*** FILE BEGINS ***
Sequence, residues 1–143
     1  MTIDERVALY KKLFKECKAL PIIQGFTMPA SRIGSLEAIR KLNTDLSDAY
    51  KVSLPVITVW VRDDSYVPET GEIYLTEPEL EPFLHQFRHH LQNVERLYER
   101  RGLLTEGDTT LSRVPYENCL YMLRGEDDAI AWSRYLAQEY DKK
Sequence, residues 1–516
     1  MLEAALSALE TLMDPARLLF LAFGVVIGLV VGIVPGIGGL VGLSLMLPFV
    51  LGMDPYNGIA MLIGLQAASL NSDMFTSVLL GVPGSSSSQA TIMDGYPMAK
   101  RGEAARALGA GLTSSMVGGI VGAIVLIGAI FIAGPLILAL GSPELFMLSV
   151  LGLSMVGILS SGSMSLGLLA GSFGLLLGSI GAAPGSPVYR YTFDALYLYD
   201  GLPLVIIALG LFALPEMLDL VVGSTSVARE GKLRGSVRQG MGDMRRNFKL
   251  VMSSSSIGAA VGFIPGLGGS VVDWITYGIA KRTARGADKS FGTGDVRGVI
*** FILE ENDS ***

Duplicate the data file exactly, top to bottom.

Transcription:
Sequence, residues 1–143
     1  MTIDERVALY KKLFKECKAL PIIQGFTMPA SRIGSLEAIR KLNTDLSDAY
    51  KVSLPVITVW VRDDSYVPET GEIYLTEPEL EPFLHQFRHH LQNVERLYER
   101  RGLLTEGDTT LSRVPYENCL YMLRGEDDAI AWSRYLAQEY DKK
Sequence, residues 1–516
     1  MLEAALSALE TLMDPARLLF LAFGVVIGLV VGIVPGIGGL VGLSLMLPFV
    51  LGMDPYNGIA MLIGLQAASL NSDMFTSVLL GVPGSSSSQA TIMDGYPMAK
   101  RGEAARALGA GLTSSMVGGI VGAIVLIGAI FIAGPLILAL GSPELFMLSV
   151  LGLSMVGILS SGSMSLGLLA GSFGLLLGSI GAAPGSPVYR YTFDALYLYD
   201  GLPLVIIALG LFALPEMLDL VVGSTSVARE GKLRGSVRQG MGDMRRNFKL
   251  VMSSSSIGAA VGFIPGLGGS VVDWITYGIA KRTARGADKS FGTGDVRGVI